Hit the Drive Mode button until you're in the "Power" setting, mash your right foot, and the Prius scoots forward with an eagerness unfamiliar from Toyota's eco models of old. Swing into the corners, meanwhile, and where the previous Prius handled like a rubber brick down a drain spout, the new car actually zips round pretty nicely.

It's down to the Toyota New Global Architecture (TNGA), the automaker's redesigned modular platform which the fourth-gen Prius is the first vehicle to use. "Fun to drive" was a central goal for TNGA, with the center of gravity lowered and more body rigidity. Throw in the Li-Ion batteries in the Prius Two Eco – the regular car still uses heavier NiMH packs – and you get something bordering on nimble.

No, you're not going to be chasing the neighborhood Lotus, and it's not hard to find the limits of the wheels' grip, but ask yourself: when did you last hear tire squeal when playfully nudging the rear end of a Prius out while cornering on a mountain road? The EV drive fills in the gaps for the 1.8-liter 4-cylinder gas engine, and the CVT isn't afraid to keep things spinning. All while averaging 52+ mpg.

It delivers on economy

Toyota and the EPA rates the Prius Two Eco as good for 58 mpg in the city and 53 mpg on the highway, for a total of 56 mpg combined. That's a couple of points higher than the outgoing car, but what's notable is how easy it is to get great economy from the fourth-gen Prius with minimal consideration.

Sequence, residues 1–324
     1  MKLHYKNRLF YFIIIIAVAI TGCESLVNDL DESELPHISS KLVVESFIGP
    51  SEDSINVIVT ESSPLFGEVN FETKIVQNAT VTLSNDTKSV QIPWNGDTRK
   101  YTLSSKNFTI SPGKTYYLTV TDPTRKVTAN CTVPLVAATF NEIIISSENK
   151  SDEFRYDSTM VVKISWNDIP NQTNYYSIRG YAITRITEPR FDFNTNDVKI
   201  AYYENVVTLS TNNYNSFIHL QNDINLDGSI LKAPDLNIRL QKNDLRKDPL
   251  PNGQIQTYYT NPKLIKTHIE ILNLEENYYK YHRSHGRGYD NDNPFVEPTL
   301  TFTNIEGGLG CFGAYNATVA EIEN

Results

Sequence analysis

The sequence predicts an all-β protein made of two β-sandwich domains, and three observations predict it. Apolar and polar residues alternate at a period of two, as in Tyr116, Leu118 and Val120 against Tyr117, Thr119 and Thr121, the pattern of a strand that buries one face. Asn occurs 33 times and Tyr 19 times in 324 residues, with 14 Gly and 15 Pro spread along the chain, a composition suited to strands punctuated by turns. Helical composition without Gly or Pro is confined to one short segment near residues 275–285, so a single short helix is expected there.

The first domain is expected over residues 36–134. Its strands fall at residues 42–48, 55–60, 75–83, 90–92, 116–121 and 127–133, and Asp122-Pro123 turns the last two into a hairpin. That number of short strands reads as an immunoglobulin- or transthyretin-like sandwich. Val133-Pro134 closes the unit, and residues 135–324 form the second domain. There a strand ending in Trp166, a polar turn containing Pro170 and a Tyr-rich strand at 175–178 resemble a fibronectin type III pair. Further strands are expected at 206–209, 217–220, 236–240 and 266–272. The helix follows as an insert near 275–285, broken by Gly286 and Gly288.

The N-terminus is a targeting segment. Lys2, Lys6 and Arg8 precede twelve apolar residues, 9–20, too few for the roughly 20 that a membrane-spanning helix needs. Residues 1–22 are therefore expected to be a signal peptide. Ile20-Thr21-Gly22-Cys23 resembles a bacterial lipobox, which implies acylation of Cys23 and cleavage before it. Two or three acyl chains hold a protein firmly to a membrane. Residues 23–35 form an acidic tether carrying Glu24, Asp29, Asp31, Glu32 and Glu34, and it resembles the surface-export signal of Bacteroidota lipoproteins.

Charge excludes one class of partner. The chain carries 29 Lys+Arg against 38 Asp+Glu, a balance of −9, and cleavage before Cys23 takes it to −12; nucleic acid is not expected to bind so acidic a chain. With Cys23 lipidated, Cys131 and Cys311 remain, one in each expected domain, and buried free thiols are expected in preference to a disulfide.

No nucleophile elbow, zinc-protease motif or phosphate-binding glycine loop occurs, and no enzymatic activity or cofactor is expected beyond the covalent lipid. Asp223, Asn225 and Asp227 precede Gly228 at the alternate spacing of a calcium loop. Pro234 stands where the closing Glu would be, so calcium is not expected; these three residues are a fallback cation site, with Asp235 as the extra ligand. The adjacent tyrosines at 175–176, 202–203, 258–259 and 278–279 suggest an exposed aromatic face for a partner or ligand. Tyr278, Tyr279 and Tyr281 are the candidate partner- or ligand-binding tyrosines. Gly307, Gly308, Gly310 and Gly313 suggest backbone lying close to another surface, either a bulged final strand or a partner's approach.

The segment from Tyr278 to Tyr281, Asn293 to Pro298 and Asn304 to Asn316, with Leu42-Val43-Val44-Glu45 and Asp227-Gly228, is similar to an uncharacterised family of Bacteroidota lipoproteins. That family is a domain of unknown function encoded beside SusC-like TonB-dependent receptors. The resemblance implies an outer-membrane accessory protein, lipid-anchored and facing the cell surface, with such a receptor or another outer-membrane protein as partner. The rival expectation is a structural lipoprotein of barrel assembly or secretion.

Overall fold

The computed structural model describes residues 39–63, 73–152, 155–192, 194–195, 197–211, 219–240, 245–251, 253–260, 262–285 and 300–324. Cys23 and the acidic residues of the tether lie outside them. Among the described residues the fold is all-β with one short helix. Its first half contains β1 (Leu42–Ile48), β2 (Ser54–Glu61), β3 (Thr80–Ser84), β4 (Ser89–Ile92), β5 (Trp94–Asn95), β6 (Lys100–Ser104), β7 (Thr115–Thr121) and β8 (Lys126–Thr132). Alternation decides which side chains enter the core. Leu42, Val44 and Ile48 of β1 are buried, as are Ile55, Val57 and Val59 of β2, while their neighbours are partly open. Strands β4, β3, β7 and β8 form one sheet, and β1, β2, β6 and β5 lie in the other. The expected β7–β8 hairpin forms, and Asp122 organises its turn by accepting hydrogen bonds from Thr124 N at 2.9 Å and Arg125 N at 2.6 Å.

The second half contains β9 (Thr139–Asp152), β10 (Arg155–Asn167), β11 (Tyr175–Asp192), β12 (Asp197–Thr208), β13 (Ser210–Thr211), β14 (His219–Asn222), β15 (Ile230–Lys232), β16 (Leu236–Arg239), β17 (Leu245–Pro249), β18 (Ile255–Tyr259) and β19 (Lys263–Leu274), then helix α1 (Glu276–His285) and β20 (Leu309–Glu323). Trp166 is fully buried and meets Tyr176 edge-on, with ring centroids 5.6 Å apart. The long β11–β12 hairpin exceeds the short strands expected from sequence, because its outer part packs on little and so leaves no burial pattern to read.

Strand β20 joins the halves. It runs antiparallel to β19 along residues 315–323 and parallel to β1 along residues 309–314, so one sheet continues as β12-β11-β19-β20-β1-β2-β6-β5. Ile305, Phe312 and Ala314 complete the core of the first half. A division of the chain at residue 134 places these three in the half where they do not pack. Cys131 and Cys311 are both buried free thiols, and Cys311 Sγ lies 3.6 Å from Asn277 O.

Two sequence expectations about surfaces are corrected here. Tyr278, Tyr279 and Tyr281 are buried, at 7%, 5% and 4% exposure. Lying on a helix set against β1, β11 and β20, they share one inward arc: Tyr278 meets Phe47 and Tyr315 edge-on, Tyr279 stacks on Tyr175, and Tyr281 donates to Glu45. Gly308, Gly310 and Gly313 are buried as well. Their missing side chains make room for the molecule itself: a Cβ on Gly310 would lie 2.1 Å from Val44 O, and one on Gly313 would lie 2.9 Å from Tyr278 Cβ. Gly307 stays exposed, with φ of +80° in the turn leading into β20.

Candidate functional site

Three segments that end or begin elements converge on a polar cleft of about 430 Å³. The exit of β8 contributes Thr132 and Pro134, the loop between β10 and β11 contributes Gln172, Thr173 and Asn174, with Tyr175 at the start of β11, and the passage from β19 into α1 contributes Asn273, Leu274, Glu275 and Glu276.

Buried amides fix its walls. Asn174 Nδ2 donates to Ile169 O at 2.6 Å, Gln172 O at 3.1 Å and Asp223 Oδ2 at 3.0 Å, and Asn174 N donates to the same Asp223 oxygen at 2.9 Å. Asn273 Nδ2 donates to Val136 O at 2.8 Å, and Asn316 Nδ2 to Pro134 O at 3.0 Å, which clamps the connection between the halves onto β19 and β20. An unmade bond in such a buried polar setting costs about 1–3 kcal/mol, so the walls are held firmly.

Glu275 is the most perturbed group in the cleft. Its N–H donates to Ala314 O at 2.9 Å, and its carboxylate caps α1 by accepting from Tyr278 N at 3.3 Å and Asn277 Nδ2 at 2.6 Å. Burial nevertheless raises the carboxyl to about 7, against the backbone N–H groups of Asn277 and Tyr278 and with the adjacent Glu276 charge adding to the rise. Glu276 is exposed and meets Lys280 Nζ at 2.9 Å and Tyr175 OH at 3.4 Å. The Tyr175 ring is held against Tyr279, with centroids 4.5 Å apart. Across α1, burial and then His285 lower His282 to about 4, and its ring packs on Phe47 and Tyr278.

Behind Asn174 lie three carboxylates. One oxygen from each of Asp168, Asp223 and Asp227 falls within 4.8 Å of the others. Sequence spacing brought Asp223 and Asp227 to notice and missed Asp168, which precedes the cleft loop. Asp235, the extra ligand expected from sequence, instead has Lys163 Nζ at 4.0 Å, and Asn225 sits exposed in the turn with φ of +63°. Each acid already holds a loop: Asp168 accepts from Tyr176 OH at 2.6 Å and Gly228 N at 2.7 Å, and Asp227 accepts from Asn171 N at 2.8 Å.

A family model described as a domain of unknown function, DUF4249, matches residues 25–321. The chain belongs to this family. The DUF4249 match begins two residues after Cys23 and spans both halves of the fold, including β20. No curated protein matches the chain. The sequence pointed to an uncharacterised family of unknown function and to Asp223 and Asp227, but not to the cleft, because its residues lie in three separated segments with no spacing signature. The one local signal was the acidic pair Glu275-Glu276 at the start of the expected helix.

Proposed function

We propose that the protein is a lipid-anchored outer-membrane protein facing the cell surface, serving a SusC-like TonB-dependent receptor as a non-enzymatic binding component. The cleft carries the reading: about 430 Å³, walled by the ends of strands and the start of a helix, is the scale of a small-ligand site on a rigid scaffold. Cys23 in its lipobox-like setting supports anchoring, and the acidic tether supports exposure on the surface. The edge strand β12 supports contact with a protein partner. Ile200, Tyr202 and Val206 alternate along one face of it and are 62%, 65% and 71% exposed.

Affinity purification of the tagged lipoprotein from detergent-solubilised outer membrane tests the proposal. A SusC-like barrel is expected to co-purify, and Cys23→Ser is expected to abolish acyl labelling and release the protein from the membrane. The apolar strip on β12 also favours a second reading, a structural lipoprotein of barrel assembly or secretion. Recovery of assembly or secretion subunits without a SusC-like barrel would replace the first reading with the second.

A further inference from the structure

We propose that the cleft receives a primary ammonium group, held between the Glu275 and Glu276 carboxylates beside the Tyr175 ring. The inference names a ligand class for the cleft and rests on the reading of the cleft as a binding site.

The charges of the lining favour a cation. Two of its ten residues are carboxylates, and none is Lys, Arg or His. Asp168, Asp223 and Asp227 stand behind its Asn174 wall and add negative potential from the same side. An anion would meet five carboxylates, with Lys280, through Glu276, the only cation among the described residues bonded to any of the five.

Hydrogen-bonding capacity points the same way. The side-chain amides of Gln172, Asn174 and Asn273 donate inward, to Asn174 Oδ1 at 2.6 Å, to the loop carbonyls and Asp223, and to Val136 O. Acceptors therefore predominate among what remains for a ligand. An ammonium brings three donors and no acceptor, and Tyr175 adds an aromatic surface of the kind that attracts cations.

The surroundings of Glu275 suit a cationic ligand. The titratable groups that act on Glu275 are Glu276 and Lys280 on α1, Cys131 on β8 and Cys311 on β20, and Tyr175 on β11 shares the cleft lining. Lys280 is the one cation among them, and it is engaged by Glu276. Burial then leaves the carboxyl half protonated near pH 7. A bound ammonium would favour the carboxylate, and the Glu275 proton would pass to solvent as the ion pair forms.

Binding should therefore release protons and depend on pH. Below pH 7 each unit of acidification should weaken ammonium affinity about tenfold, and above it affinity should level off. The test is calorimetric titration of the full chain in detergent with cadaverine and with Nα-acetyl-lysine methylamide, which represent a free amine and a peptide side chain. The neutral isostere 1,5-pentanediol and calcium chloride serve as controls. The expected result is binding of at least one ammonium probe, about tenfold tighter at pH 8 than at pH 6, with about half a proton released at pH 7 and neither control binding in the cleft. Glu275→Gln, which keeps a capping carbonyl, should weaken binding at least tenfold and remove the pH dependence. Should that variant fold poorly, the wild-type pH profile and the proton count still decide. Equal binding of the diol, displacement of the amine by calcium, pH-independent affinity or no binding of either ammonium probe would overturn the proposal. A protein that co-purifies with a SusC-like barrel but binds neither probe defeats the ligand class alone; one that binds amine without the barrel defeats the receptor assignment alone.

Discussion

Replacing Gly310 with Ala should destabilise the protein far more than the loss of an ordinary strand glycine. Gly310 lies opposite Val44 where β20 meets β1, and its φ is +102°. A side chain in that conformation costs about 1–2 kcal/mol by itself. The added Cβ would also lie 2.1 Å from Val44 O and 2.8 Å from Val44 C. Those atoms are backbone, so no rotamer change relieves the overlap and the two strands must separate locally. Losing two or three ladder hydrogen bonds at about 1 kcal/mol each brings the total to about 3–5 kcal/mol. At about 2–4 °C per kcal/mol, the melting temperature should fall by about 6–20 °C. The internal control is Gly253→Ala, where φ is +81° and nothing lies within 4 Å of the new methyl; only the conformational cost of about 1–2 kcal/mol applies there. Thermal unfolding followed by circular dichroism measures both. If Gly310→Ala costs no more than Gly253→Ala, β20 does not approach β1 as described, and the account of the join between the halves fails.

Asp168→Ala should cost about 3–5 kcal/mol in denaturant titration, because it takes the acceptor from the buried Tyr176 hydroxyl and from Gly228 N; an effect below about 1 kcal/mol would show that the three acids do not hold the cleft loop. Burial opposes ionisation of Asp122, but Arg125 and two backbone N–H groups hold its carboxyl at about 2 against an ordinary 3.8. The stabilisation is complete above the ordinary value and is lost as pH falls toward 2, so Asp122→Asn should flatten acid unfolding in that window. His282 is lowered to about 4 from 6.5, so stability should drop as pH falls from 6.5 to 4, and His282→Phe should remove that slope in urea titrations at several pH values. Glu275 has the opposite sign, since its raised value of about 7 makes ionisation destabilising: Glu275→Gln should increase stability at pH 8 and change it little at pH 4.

When I picked the car up from the airport one evening, my primary goal was to get home as soon as possible, not to coax record-breaking mpg numbers from it. I drove like I would any other car, including a 22 mile run along the highway, and still ended up hitting 54 mpg.

Driving with a little more consideration, I got into the low-60s. That wasn't with any great hair-shirt sacrifice, or crawling along at 55 mph on the freeway, either. After a couple hundred miles, the gas gage had notched down only a block and a half, and frankly I was pleased to see it move: I'd started to think it was broken.


Buying a Prius used to be like buying a refrigerator: you have to be a special kind of person to get giddy over appliances. It may have created the mass-market hybrid segment, but Toyota's car was just too bland to stand out in it any more.

That's changed with the fourth-generation Prius, and while the most obvious difference is the design, it's really the underlying architecture which gives the car its appeal. You can actually drive it with enthusiasm and not be bored to tears.

Best of all, you really don't have to choose between that and economy. If you're yet to take the plunge to all-electric – and there are plenty of people, like apartment-dwellers or those with long or unpredictable commutes, for whom that's still just not an option – a hybrid still makes plenty of sense, and the 2016 Prius Two Eco drives Toyota back into the game.